Talking to your teens about sex

Statistically, about half of you with teenagers need to be having “the talk.” And no, we don’t mean rehashing the birds & the bees … statistics show they get that part of life. However, more serious talks need to be taking place if your teenager is engaging in sexual relationships. Conversations like:

  • how to prevent unplanned pregnancy
  • how to protect oneself in situations where alcohol (and lack of judgement) is involved
  • risks of drug use on the body and overall safety
  • importance of condom use for STD (even HIV prevention)
  • importance of routine STD testing, especially if there are multiple sexual partners

You know … all of those types of topics we parents like to avoid.

Sure, the conversations won’t be easy, however it’s our job to continue parenting our teenage kids and this falls under our duty. Be loving yet be firm. An open conversation with your teen might just be the best way to protect them.

Your Teen & STDs

We know this blog often features information about teens using drugs, but since we deal with a lot around our Kansas City labs, we thought parents also needed a “heads up” on another problem in this pubescent generation: STDs. Sure, we deal with a lot of drug tests for teens. But even more, we deal with a lot of STD tests for teens. Be an involved and informed parent. Read more…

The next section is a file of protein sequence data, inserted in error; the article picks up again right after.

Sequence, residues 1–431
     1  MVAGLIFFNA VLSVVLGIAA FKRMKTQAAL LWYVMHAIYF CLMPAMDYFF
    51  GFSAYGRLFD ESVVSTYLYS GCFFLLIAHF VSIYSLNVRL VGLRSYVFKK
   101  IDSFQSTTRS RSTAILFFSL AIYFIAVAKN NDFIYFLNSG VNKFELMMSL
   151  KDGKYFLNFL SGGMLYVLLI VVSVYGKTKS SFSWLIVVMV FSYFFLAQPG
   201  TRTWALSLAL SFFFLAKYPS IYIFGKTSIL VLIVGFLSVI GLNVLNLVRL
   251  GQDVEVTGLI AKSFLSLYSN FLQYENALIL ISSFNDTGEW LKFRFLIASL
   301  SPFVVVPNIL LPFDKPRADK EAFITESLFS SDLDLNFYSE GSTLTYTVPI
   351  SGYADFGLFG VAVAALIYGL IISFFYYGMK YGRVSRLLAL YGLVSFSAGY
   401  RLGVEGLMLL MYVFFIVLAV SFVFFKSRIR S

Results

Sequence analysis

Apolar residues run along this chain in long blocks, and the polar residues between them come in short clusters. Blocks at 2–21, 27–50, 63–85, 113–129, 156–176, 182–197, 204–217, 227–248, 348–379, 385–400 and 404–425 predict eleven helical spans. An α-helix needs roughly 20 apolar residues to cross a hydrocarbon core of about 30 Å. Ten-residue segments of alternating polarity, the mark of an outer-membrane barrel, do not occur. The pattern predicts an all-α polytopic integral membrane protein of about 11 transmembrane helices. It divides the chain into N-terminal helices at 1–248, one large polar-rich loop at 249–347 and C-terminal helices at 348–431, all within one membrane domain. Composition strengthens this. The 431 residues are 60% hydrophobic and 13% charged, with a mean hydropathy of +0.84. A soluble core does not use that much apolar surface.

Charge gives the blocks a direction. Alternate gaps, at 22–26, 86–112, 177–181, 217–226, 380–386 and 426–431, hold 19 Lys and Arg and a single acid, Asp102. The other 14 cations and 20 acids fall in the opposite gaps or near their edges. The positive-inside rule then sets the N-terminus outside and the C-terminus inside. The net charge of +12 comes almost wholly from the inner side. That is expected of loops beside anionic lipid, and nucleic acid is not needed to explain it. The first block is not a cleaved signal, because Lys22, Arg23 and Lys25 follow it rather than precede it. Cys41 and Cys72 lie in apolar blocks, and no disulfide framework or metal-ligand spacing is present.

std-testing-for-teens

Statistically, chances are high that your teen has an STD, or will eventually have one, if he or she is sexually active.

Teens & STDs

Did you know that statistically 1 out of every 4 students at your teen’s high school has an STD? Or what about the fact that statistics show 1 out of every 2 sexually active individuals will contract an STD before age 25? If you’re thinking, “surely not MY baby girl or little boy…” think again. This problem is growing day after day for more reasons than one. And while there’s not a simple solution to “fix it” right now, informed and involved parents will help.

Source:  About-STD.com

About STDs

STD stands for Sexually Transmitted Disease. It’s sometimes also called an STI (sexually transmitted infection), yet refers to the same thing. Certain bacterial and viral diseases are transferred via sexual activity. Typically the more sexual partners one has, the greater their risk at contracting an STD. The only way to completely avoid an STD is abstinence, even contraception will not always prevent an STD. This especially applies to birth control pills – they do not protect against STDs. STDs can be transmitted via anal or oral sex in addition to sexual intercourse.